Physiological involvement of placental endothelin-1 and prostaglandin F in uteroplacental circulatory disturbance in pregnant rats exposed to heat stress

Hiroyuki Nakamura, Ichiyo Matsuzaki, Kotaro Hatta, Keiki Ogino

Research output: Contribution to journalArticlepeer-review

1 Citation (Scopus)

Abstract

Several studies suggest that heat stress affects placental functions including uteroplacental circulation, subsequently leading to pregnancy failure and birth weight reduction. To clarify the involvement of endothelin and placental prostaglandin (PG) systems in the uteroplacental circulation during heat stress, we examined the effects of i.v. administration of the endothelin receptor antagonist bosentan and the cyclooxygenase inhibitor indomethacin on uteroplacental blood flow and on placental PGE2 and PGF levels and their 13,14-dyhydro-15-keto-metabolites (PGEM and PGFM, respectively) in heat-exposed or non-heat-exposed pregnant rats. The administration of bosentan or indomethacin did not change uteroplacental blood flow in non-heat-exposed pregnant rats. In contrast, heat reduced uteroplacental blood flow in pregnant rats, but the reduction was reversed by the administration of bosentan or indomethacin before heat exposure. Heat did not change placental PGE2 or PGEM levels, but in pregnant rats it increased placental PGF, and PGFM levels, which were reversed by bosentan or indomethacin. Our results suggest that the activation of placental endothelin receptor and PGF systems are involved in the uteroplacental circulatory disturbances produced by heat. PGF systems activated by heat may be involved in the vasoconstricting effects of endothelin-A and -B receptors during heat exposure.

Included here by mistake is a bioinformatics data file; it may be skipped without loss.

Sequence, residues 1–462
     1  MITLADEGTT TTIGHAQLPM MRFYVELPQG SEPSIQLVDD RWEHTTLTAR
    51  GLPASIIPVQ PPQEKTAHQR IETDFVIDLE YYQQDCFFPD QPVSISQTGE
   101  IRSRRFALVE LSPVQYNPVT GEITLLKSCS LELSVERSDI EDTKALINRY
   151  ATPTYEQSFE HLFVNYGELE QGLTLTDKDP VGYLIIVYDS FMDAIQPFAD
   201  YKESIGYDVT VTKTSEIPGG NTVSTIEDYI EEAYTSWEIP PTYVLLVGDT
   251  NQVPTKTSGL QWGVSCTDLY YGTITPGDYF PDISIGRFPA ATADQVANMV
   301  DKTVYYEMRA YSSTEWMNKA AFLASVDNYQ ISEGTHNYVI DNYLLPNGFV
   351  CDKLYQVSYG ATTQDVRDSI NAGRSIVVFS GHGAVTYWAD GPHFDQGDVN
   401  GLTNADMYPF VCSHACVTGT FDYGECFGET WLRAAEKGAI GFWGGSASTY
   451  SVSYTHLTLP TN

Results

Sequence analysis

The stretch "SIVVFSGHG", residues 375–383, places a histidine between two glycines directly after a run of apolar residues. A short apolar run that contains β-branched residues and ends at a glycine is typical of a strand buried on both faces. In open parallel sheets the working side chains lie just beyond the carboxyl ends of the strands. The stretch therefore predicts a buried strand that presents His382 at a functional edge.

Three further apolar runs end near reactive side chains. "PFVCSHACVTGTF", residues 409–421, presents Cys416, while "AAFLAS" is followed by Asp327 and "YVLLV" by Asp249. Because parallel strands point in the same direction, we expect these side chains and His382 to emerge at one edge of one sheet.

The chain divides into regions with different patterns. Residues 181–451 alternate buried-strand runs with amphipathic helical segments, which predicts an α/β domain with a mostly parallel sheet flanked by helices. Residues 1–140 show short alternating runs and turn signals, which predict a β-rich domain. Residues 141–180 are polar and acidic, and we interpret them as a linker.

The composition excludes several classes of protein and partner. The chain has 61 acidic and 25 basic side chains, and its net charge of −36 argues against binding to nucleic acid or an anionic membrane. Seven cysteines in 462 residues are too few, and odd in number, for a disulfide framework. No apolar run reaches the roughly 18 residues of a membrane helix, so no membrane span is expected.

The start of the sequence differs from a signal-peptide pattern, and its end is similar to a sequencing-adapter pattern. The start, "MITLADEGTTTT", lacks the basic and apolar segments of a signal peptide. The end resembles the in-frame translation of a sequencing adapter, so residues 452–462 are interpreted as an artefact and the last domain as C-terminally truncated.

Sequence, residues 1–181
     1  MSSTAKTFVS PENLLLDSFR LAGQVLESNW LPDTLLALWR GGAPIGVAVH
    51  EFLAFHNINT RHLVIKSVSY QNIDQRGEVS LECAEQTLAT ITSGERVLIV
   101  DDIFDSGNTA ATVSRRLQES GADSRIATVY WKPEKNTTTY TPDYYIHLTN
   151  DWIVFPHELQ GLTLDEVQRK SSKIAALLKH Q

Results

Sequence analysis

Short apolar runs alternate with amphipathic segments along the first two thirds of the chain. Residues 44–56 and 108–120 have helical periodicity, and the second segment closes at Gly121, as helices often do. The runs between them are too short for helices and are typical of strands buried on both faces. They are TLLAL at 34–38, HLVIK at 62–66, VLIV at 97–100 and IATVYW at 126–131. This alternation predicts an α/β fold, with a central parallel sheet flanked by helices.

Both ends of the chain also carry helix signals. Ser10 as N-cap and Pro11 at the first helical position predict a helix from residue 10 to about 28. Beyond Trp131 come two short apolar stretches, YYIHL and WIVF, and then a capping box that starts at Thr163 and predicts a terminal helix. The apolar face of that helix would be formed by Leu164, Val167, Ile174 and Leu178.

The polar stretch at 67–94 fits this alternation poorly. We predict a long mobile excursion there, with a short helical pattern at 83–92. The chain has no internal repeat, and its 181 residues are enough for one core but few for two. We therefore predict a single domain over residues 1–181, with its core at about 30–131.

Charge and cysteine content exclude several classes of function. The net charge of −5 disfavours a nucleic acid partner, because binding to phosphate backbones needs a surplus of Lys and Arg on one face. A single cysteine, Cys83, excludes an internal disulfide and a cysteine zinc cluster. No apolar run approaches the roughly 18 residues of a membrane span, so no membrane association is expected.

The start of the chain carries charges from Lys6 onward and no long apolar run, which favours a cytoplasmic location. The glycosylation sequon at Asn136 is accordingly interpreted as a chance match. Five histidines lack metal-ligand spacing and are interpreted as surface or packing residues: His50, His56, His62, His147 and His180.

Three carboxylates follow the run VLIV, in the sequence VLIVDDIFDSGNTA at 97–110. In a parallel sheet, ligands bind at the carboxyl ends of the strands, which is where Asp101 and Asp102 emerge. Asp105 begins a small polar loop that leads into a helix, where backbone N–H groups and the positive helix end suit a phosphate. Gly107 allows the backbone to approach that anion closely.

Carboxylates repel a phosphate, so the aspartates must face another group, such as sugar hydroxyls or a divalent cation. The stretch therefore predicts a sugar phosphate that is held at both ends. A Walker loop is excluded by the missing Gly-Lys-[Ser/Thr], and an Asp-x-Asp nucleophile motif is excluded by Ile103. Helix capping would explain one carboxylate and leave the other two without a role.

Original languageEnglish
Pages (from-to)225-230
Number of pages6
JournalCanadian Journal of Physiology and Pharmacology
Volume82
Issue number4
DOIs
Publication statusPublished - Apr 2004

Keywords

  • Blood flow
  • Endothelin
  • Placenta
  • Pregnancy
  • Prostaglandin

ASJC Scopus subject areas

  • Physiology
  • Pharmacology
  • Physiology (medical)

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